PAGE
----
Software staging clusters only grow.

As production accrues more services, staging’s costs ramp up.

And maintaining a single, massive, production-like staging may no longer be the right answer.

But several, small staging clusters—each fit for their purpose—offers a more maintainable, cheaper alternative.

🍝 There is no perfect staging; there are only perfect stagings

Each reason for having a staging cluster requires a different level of “production-likeness” to fit its use.

You could put Apache and PHP on raspberry pi and call it Wikipedia’s “staging.”

And that’d be a fine place to demo a MediaWiki patch. But to be confident deploying that patch into Wikipedia’s production: (to paraphrase “Jaws” 🦈): you’re gonna need a bigger staging .

In the 1970s, the pasta sauce brand Ragu tasked the psychophysicist Howard Moskowitz with finding the perfect pasta sauce.1

Moskowitz concluded the perfect pasta sauce doesn’t exist—it depends on each individual’s wants and needs. There is no perfect pasta sauce; there are only perfect pasta sauces.

Howard’s work is why you’ll find Ragu Old World Style® next to Ragu Chunky Garden Vegetable next to 10s of other Ragus.

And much like pasta sauce2: there can be no perfect staging; only perfect stagings.

💱 Staging trades cost vs. production-likeness

The requirements for a staging cluster depend on its use.

  • Demos – Demoing new code requires the same software, maybe a few microservices, and (possibly) a subset of production data.
    • 🟢 Low cost
    • 🟢 Low production-likeness
  • Exploratory testing – QA requires the same software, services, and a subset of production data. It’d be nice to run it on the same type of infrastructure, too.
    • 🟡 Medium cost
    • 🟡 Medium production-likeness
  • Deployment confidence – 100% confidence requires a parallel universe you destroy whenever a deployment goes wrong.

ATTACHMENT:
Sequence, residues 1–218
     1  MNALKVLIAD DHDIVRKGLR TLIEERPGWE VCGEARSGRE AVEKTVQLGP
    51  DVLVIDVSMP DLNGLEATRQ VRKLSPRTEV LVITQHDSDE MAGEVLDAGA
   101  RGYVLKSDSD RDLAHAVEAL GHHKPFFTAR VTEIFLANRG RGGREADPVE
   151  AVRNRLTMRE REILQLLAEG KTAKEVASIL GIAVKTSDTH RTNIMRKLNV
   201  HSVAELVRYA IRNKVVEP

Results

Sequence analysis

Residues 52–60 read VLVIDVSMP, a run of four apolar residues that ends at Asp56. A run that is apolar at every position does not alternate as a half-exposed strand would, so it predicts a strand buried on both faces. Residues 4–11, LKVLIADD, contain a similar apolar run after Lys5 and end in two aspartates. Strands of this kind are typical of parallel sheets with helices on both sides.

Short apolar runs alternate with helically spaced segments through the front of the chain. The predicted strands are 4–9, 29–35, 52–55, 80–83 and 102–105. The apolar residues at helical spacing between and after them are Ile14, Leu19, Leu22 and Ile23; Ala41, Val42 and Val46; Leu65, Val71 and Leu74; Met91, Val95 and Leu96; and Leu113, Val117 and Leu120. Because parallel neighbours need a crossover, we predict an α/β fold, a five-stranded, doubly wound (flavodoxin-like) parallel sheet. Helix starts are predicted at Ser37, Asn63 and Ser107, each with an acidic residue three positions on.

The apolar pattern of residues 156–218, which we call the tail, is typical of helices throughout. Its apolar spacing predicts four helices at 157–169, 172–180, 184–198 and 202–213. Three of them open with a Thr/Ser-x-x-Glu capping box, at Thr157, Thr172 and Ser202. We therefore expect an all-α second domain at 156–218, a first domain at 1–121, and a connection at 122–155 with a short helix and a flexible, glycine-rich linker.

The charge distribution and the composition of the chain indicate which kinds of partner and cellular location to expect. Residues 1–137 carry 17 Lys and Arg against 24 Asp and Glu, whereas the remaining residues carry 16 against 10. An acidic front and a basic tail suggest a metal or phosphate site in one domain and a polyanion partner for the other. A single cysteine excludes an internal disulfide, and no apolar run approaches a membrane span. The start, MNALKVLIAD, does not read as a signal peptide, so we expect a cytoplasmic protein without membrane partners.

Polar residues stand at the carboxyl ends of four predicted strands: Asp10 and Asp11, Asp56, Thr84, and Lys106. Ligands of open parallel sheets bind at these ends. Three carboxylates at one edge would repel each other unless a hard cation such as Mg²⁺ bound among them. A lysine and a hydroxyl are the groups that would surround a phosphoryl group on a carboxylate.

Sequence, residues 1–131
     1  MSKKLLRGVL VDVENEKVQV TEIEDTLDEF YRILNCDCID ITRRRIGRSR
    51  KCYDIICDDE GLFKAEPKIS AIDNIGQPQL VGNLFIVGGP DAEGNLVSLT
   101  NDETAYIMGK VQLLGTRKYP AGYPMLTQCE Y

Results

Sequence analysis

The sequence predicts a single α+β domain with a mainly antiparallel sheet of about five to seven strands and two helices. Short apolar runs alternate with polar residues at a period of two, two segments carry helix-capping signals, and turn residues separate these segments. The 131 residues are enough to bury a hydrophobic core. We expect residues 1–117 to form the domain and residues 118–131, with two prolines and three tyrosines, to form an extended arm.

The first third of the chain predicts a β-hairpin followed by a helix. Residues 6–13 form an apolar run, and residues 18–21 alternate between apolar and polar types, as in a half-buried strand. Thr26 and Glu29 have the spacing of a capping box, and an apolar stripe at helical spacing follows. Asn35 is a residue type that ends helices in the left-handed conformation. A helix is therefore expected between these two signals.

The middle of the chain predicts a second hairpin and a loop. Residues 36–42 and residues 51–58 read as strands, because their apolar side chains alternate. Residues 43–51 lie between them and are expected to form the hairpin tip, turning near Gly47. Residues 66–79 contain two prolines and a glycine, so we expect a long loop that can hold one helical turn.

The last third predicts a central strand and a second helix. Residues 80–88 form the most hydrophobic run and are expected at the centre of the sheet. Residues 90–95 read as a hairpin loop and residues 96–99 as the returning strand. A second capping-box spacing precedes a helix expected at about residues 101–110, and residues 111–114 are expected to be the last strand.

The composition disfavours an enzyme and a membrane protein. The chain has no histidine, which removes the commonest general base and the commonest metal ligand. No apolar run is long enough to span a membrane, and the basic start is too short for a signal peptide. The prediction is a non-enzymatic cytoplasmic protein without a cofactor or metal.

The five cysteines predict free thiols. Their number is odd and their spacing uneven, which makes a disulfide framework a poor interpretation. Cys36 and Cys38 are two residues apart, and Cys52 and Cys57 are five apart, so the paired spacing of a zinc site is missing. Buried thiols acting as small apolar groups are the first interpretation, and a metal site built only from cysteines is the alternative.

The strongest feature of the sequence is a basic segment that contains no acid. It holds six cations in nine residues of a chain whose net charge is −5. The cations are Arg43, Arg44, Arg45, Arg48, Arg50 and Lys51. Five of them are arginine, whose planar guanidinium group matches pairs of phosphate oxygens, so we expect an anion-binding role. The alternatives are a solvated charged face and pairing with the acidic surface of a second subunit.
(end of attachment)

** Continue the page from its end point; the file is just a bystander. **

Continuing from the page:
• 🔴 High cost
    • 🔴 High production-likeness
Staging trades costs for nearness to production

Staging is a trade-off: resources (money, people, time) against asymptotically approaching actual production.

The closer you get to production, the higher the costs and complexity.

🔁 Production should be reproducable

Setting up a staging server should be easy. If it is not easy, you already have a problem in your infrastructure, you just don’t know it yet

– Patrick McKenzie 🐉, Staging Servers, Source Control & Deploy Workflows, And Other Stuff Nobody Teaches You

Configuration management should make it easy to rebuild production from scratch. Otherwise, you’ve got a disaster in the offing.

This creates an environment suitable for demos and end-to-end test automation.

But organizations are evolving away from using pre-production staging to build deployment confidence.

They’ve replaced their high-cost staging with a mix of canary deployments and advanced feature flagging.

Small environments with narrow scope—like testing or demoing—seem like a reasonable trade-off of cost vs. benefit.

But using pre-production staging as insurance for your deployments—requiring snapshots of production data and maybe even replayed traffic—seems too. darn. expensive.

📚 Further reading

  1. This is an anecdote related by Malcolm Gladwell in a 2007 Ted Talk, "Choice, Happiness, and Spaghetti Sauce↩︎

  2. There’s a joke here about “spaghetti code” that I’m too lazy to find.↩︎